Patients should participate in strengthening, low-impact aerobic exercises, and neuromuscular education; and engage in physical activity.
This recommendation is rated strong because of seven high-strength studies of which five showed beneficial outcomes. The exercise interventions were predominantly conducted under supervision, most often by a physical therapist.
I recommend weight loss for patients with symptomatic osteoarthritis of the knee and a BMI = 25.
Physical Function shows important improvement in outcomes for this patient population. Function also shows statistical improvement that is clinically significant. Diet and exercise combined achieves the best results.
I do not recommend using acupuncture in patients with symptomatic osteoarthritis of the knee
In Studies that comparing acupuncture to groups receiving non-intervention sham, usual care, or education, the majority, show no clinically significant improvement. While there is a lack of efficacy, there is no potential harm.
I am unable to recommend for or against the use of physical agents (including electrotherapeutic modalities) in patients with symptomatic osteoarthritis of the knee.
Due to the overall scientifically inconsistent findings for various physical agents and electrotherapeutic modalities, I am unable to make a recommendation for or against their use in patients with symptomatic osteoarthritis of the knee. To better understand the role of pulses in the management of arthritis, I am waiting for FDA approval to launch a clinical trial using a pulsed brace after a bone marrow concentrate/stem cell procedure.
I am unable to recommend for or against manual therapy in patients with symptomatic osteoarthritis of the knee.
Due to the lack of studies examining most manual therapy techniques, I am unable to opine. No studies evaluating joint mobilization, joint manipulation, chiropractic therapy, patellar mobilization, or myofascial release were found of scientific merit.
I cannot recommend using glucosamine and chondroitin for patients based on science; yet I personally use them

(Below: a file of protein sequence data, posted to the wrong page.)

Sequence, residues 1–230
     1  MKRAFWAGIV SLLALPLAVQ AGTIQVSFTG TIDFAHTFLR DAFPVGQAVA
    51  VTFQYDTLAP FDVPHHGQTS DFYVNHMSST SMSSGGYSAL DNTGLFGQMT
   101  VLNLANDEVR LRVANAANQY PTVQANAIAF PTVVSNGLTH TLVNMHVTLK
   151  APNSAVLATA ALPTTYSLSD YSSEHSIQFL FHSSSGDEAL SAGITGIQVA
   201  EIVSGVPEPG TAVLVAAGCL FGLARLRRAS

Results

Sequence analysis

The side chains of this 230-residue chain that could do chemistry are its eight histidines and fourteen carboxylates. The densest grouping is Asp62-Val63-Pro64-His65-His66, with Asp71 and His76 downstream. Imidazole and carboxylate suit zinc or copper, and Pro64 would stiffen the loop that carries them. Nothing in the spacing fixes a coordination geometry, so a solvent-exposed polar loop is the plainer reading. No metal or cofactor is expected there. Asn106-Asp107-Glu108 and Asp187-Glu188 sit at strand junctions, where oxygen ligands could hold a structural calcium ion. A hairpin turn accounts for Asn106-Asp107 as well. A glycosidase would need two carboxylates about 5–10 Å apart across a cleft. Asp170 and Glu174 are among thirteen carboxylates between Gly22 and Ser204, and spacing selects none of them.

At this time, both glucosamine and chondroitin sulfate have been extensively studied. There is essentially no evidence that minimum clinically important outcomes have been achieved compared to placebo. There is no evidence of potential harm. The same may be said of the neutraceuticals methylsulfonylmethane, omega-3, gelatin, vitamin D, dimethylsulfoxide, antioxidants, and coenzyme Q10. 01
I will not use needle lavage for patients with symptomatic osteoarthritis of the knee.
The published evidence shows little or no benefit from needle lavage in the treatment of osteoarthritis of the knee.
I am able to recommend growth factors and stem cells derived from Bone Marrow Aspirate in conjunction with platelet rich plasma for patients with symptomatic osteoarthritis of the knee.
I have an ever-increasing Data-Base of Outcome measurements to support my recommendations with Levels of Evidence at 1B and 3 with a Grade D governmental guideline Grading (the highest). You may learn more at the National Guideline Clearinghouse (http://www.guidelines.gov) or make an appointment at 847 390 7666
Tags: arthritis, athletes, Benefits and Risk, bone marrow, Bone Marrow Concentrate, Clinical Trial. Mitchell B. Sheinkop, Concentrated Stem Cell Plasma, Hip Replacement, Interventional Orthopedics, Knee, Knee Pain Relief, Mature Athlete, medicine, Orthopedic Care, Orthopedics, Osteoarthritis, Pain Management, Platelet Rich Plasma, Regenerative, Regenexx, Regenexx-SD, stem cells, treatment